Nate Silver of FiveThirtyEight numbers-crunching fame is at it again. Silver made his name in baseball sabermetrics, then took his calculator to the '08 U.S. presidential election (49/50 states correctly called isn't bad at all) and last year's Oscars, landing himself on several top-geek lists along the way. Now he's in the Vancouver 2010 medals projection business:
He's also a curling fan, which along with his latest medal projections has to warm a few Canadian cockles. As of the latest numbers - as of this writing, anyway; the figures are being updated daily - here's how Silver's got it working out:What I've done is to compile the projected medal winners in the 86 Winter Olympic disciplines from five six nine sources that forecasted individual winners; these are the Associated Press, USA Today, Sports Illustrated, McClatchy-Tribune, Examiner.com, Canwest, and (for some events only) ESPN.com and betting odds at Ladbrokes and bwin. Nothing terribly fancy here: I've taken a simple mean of the number of medals that each country was expected to win in each discipline, as averaged across the nine sources.
Canada 32.4 medals (13.5 gold)
Germany 31.4 (9.6)
USA 30.4 (11.6)
Norway 20.4 (6.9)
Austria 18.6 (5.1)
"If it were today," Stephen Colbert asked 1980 U.S. Miracle on Ice hockey hero Mike Eruzione, "and Al Michaels were Twittering, would it be called the OMG! on Ice?"
Here at the Twitter Olympics, the thousands on hand at False Creek this morning roared (and more than a few of them, including me, immediately tweeted the line). Sure, it was (mostly) scripted, to be edited and carefully packaged for future consumption. And sure, Colbert, out there in his U.S. speedskating team sweater, flashed his mock-outrage a few times. When the cameras were finally turned off, though, the U.S. TV comedy host stood in front of thousands of his “syrup-sucker” fans on (finally) a beautiful day and saluted them.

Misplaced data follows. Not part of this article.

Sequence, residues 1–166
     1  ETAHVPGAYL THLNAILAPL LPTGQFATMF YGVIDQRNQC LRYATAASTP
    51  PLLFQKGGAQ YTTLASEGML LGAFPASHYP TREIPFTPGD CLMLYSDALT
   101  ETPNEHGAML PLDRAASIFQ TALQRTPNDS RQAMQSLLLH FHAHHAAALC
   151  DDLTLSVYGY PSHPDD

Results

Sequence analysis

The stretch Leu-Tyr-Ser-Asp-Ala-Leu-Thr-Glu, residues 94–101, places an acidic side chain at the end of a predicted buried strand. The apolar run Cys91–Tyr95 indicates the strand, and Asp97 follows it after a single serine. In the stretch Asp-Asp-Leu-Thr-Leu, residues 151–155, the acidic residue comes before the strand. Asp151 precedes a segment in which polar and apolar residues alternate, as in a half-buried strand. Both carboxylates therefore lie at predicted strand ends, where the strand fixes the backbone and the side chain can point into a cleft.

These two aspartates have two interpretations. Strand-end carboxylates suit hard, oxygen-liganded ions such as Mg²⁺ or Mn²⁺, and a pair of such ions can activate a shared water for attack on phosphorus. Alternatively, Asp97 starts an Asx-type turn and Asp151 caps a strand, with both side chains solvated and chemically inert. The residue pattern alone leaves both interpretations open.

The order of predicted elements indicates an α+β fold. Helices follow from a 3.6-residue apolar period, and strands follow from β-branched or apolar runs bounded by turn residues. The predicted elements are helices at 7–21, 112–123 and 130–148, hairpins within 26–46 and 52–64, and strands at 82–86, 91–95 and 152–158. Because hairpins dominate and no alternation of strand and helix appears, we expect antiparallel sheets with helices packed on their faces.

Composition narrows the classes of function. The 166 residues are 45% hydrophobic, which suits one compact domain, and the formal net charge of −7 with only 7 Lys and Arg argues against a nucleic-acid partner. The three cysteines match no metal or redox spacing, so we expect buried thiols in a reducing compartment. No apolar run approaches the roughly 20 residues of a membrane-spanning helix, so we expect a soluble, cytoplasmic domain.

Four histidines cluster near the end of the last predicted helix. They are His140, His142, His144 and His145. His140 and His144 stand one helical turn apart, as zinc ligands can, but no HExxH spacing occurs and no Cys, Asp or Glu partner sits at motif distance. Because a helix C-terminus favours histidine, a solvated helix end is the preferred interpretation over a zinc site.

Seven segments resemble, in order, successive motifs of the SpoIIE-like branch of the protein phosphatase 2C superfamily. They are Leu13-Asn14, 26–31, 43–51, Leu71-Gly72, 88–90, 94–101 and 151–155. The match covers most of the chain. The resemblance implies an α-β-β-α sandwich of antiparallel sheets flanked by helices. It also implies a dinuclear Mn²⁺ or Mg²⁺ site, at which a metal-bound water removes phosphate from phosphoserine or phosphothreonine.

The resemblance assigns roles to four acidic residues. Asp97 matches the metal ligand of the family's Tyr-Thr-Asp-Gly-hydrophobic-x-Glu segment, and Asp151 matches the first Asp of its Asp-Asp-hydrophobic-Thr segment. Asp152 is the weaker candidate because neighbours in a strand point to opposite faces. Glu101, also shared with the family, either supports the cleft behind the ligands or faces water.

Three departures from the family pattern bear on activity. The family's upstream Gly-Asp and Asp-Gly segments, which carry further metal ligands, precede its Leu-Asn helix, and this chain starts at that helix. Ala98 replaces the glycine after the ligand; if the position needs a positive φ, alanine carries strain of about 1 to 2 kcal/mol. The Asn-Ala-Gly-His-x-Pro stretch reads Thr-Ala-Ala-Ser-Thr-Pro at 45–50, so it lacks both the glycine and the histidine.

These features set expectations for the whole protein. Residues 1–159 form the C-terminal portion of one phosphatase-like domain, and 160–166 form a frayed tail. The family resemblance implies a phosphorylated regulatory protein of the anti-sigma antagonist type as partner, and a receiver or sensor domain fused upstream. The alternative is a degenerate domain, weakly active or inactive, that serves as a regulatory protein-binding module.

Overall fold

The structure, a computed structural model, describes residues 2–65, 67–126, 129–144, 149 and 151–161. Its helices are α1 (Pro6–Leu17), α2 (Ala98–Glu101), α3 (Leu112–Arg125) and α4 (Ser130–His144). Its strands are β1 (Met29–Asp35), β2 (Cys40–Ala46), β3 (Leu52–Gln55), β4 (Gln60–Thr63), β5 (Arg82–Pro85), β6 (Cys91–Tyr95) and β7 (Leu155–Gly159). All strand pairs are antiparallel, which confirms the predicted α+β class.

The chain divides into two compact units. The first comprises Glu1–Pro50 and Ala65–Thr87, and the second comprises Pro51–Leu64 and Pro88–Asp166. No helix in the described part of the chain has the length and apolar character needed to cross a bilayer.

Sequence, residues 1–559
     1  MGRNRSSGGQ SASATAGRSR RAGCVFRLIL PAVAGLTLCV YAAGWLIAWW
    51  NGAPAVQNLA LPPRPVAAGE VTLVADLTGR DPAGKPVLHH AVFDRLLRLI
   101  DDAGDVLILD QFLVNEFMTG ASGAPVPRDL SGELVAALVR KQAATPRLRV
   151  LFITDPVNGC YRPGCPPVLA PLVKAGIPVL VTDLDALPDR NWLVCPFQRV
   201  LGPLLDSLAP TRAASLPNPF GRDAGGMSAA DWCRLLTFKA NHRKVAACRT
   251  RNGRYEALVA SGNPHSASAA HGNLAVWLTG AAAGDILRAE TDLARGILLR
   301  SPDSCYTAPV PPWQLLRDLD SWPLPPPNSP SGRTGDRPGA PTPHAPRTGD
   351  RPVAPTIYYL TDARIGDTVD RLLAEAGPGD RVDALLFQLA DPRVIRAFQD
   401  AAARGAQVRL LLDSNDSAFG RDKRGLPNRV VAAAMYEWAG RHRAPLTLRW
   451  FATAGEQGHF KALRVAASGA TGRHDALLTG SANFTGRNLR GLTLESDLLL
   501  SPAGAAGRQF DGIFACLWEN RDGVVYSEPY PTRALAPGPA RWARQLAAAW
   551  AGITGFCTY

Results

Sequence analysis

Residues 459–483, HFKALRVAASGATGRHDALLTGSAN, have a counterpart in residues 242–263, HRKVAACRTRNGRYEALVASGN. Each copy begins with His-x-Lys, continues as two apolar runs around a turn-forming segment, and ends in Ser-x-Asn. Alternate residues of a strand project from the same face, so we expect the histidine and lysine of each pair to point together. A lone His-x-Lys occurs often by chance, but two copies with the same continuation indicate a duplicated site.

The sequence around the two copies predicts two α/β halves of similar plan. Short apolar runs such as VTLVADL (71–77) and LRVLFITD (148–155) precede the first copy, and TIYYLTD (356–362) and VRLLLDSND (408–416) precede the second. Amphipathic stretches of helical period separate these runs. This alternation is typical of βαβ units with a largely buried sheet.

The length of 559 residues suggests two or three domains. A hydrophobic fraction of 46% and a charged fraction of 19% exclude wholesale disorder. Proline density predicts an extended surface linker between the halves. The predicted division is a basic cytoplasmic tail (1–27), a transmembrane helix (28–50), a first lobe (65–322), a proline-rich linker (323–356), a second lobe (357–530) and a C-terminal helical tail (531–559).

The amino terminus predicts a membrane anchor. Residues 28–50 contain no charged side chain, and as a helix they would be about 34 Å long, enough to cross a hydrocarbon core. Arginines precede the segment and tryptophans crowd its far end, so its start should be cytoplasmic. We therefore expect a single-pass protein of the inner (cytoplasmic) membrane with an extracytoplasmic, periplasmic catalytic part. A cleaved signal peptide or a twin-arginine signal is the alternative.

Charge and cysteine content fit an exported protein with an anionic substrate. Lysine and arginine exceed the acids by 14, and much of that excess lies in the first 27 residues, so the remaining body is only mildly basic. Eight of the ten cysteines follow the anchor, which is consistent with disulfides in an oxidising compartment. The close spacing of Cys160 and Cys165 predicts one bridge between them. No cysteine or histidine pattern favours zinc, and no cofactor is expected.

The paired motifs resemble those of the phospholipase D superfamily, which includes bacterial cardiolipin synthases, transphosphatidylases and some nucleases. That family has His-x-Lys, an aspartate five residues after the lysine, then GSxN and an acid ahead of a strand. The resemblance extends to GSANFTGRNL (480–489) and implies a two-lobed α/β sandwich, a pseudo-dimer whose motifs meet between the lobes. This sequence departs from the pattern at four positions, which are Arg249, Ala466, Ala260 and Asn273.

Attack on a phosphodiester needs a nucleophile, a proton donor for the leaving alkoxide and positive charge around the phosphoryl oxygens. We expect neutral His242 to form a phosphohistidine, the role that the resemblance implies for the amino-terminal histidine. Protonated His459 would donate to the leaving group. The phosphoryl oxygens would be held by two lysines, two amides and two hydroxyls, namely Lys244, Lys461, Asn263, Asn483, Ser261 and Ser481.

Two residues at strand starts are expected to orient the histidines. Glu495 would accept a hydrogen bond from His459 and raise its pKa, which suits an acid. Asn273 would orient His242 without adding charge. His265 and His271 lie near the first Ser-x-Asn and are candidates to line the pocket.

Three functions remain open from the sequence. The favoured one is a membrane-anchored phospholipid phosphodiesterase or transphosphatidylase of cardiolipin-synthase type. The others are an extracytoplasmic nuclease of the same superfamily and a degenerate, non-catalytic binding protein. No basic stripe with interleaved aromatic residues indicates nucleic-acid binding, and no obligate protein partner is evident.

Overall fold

“This is a welcome that we couldn't have imagined in our wildest dreams,” said Colbert. “I want to take back everything I've said about Canada.”
I rather doubt that. But everyone bought it, at least for the moment, and sent the love right back with chants of “Ste-phen” and “Ride the Moose!” The prop list on stage included a stuffed moose and beaver, battered skis, a totem pole, a Frosty the Snowman, snowshoes, a penguin (a penguin! sheesh!) and a fan blowing fake snow into the air.
The Colbert Report, in town for two days of taping at the Vancouver 2010 Games, has made a living out of lampooning Canada and Canadian “Iceholes”. Colbert's right-wing talk-show persona flashed, albeit a little muted, as he taped segments with Canadian singer Michael Buble, Eruzione and NBC Olympics TV host Bob Costas. They waved signs - "Stewart Colbert 2012"; "Canuck You, Stephen!"; "Bring Back the Jets" - they chanted, their feet got really wet in the mud.
Buble, the Burnaby native, turned the tables some as he waited to be “interviewed”. "Let's not lower ourselves to Stephen Colbert's, er, lowerness!" he joked, the led the audience into a few bars of Stompin' Tom Connors' The Hockey Song.